Your Money or Your Life – Are You Trading Your Work Life Balance For Money?

Are you trading your life for money? One of my favorite books on personal finance/lifestyle choices is Your Money or Your Life by Joe Dominguez and Vicki Robin, and it explores this very topic in easy-to-understand, clear and concise language. I have read it cover to cover several times over, and it remains a staple item on my bookshelf. In fact, it was part of my taking a risk in leaving a high-paying career in the entertainment field for self-employment and freedom from schedules and bosses. Working at a job I didn’t like was financially rewarding for quite some time, but eventually it became a black cloud draining the life out of my soul. I realized I was trading my life away for money, and I had had enough; I up and quit and have been on my own for years now. I was no longer trading my life for money and it was the best decision I have ever made.

I bring this up today because I have recently spent some time with people who, on the surface, have it all – a high-paying job, a beautiful house, two relatively new cars in the garage and the standard 2.5 kids playing in the backyard. But beneath the facade that I saw some cracks in were people not very happy with with their place in the world. They had no more choices – they had to work at the job they hated 50-60 hours a week just to pay the mortgage, pay for those new cars, and pay for the private schools, leaving them almost zero time to live life. Sure, they were alive, as they got up in the morning, drove to work, had lunch, drove home, had dinner, and plopped in front of the TV while trying to forget they had to do it all again the next morning, but they weren’t living. It was painful to hear about how time was passing them by and how they needed to keep an unrewarding job just to make ends meet – the very ends that they themselves had set up and thought that they wanted. It turns out that maybe they didn’t.

So back to my question at the very beginning; Are you trading your life for money? Is money more important than your life or is your life more important than money? Sure, you could be working a job you hate AND not have any money which happens all too often for many people, but most people either make a lot of money but work their butts off at jobs that take up all their free time leaving them with no life, or they don’t make a lot of money but spend their days either working at a job they enjoy or for themselves at home. I am really curious as to what you guys are doing on a day to day basis. Are you happy at your job? Do you hate your job? Have you considered trading in your job for less money but more happiness?

If you haven’t read Your Money or Your Life, I highly recommend you do so as soon as you can. This goes for those of you who are happy at work AND for those of you who aren’t. We only get one go-around here on planet Earth, so you have to make the most of it. For myself, I couldn’t imagine working for 2/3 of my life for someone else just to make ends meet, so I downsized, cut back, and rearranged my lifestyle so that I could work less, make less, and yet still enjoy my life. I didn’t want to think back at 75 years old and say “What the hell just happened to my life?” because I missed out on experiences/choices because I was busy trading my life just for the money.

What does your future self want to tell your present self about how the next 30 years is going to look? I now know mine won’t tell me I missed out on anything!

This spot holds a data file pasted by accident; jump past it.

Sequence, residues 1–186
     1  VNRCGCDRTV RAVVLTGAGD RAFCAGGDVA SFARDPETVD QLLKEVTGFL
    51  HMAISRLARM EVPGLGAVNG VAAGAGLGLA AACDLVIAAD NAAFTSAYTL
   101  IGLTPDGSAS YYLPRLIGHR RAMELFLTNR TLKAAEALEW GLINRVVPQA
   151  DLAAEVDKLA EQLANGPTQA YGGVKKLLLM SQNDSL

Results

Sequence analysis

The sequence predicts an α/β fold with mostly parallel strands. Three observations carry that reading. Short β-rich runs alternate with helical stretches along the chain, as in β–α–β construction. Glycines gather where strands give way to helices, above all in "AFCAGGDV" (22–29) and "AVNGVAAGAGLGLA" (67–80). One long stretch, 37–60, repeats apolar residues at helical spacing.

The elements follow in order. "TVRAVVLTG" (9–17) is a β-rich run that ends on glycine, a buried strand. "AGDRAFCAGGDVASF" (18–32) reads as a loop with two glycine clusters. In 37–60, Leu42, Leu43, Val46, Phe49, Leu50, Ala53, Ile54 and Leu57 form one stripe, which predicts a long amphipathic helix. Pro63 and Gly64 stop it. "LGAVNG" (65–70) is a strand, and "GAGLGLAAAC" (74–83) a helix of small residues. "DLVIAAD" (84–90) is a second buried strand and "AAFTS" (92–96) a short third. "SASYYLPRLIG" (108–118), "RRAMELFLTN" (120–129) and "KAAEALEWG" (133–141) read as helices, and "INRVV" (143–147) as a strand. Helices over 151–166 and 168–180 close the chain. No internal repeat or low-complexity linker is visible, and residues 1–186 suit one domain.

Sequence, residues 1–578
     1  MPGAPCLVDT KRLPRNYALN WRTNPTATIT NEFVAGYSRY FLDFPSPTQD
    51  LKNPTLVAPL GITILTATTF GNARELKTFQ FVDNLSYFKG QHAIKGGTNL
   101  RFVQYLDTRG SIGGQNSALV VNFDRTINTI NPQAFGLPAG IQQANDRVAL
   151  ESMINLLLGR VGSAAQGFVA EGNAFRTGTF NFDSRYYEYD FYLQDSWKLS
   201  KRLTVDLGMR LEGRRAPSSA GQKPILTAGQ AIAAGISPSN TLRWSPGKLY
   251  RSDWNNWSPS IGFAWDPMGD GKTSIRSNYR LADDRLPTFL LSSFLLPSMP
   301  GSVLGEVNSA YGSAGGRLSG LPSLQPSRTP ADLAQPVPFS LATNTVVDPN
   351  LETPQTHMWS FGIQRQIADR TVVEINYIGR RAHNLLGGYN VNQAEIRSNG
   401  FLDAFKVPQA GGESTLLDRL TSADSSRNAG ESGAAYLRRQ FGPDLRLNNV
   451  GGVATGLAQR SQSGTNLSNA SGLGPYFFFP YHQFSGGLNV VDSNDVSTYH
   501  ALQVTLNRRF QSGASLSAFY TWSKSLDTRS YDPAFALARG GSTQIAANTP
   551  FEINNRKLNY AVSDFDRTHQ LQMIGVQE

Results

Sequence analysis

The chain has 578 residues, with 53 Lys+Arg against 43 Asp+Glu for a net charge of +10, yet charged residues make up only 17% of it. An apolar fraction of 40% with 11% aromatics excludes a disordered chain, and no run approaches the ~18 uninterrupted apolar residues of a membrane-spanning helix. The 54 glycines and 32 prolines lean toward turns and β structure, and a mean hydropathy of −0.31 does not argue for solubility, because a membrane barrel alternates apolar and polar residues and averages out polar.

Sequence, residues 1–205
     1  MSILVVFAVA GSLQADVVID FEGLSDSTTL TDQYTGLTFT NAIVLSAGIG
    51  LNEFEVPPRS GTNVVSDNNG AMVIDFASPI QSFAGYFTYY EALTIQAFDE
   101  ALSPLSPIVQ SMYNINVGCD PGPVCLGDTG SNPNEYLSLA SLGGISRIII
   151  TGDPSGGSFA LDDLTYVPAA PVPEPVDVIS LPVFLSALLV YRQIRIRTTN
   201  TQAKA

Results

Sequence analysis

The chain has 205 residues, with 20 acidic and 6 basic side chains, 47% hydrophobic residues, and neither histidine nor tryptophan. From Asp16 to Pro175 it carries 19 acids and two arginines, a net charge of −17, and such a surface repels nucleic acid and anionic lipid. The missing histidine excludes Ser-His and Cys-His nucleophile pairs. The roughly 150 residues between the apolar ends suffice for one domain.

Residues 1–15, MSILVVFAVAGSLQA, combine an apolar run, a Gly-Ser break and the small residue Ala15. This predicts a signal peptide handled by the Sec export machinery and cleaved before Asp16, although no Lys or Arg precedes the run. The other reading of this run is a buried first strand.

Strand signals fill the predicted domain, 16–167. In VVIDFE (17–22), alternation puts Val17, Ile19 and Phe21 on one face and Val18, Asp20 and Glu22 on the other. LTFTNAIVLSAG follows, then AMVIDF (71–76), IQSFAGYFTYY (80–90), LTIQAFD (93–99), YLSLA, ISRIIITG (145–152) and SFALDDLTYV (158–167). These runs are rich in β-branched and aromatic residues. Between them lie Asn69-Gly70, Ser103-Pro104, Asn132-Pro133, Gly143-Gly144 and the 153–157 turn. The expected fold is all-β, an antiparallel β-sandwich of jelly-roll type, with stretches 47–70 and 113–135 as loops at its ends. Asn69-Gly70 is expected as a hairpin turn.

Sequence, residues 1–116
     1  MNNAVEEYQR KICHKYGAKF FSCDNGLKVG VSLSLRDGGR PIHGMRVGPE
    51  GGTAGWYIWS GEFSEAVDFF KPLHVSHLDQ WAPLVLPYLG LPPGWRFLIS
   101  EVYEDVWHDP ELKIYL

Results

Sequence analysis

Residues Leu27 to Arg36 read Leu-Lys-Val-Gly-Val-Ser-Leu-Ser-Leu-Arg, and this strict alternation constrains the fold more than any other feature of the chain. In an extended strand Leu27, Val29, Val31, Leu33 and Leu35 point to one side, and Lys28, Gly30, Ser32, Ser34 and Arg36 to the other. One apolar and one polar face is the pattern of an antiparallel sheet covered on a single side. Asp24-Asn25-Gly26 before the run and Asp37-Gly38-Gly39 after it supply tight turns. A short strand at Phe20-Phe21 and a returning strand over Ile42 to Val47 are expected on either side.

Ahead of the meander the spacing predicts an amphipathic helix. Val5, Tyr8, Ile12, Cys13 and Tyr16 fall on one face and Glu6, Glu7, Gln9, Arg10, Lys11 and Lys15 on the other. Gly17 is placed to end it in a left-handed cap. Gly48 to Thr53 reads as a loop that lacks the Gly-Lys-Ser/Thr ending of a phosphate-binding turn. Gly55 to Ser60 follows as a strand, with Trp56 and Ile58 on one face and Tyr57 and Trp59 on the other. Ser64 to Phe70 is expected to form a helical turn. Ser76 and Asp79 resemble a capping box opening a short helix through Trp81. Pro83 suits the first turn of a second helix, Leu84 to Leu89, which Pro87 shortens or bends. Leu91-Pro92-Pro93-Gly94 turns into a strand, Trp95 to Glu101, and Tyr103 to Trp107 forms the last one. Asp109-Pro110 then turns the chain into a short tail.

(photo credit: Ү)

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Comments (5)

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  1. I can tell my work/life balance is starting to be compromised and I’m working on putting it back on track. I don’t want money to really rule EVERYTHING around me.

  2. I can personally relate to the idea of being in a job that I thought was going to the right one for me but turned out to be a drain on my personal well being. I’m a trained chef and I once took a restaurant job as sous-chef hoping that it would be a step in the right direction for me. It took exactly two weeks to realize that all I could think about while I was at work was how much I wanted out of it. I was being consumed by my own negativity about my job and even though it was the type of work that I enjoy, I hated the job itself. No amount of experience was worth sacrificing my mental well being.

  3. Jane Sanders says:

    I think you make a lot of great points in this article, and the question is one that everyone should put a lot of thought into.

    One area you didn’t mention though is retirement. For the people who work jobs they hate for the money, at least they know they’ll be able to eventually retire. People who choose low paying jobs might be OK too, if they plan extremely well. But they may find themselves forced to work until the day they die because they can’t afford not to.

    Not to say one path is better than another, this is just another aspect to consider. I personally strive for the ideal of plenty of money AND happiness, which I think is achievable if you’re determined enough.

  4. David says:

    What an important topic! I’ll have to check out the book, Your Money or Your Life.

  5. Dane says:

    Great article. Looking back at my life of 20 years, all I can think about is how good I was at being a kid and careless to the worlds problems. I was afraid to grow up and become like my father because he spent most of his time working and not playing with me. It almost didn’t seem fair that I was allowed to play with my friends all day while he went to work and sat at a desk for around 55 – 60 hours a week. It wasn’t until my late teens when I began to understand what it meant to follow your passion and some people love what they do so much that they “dont work a day in their life.”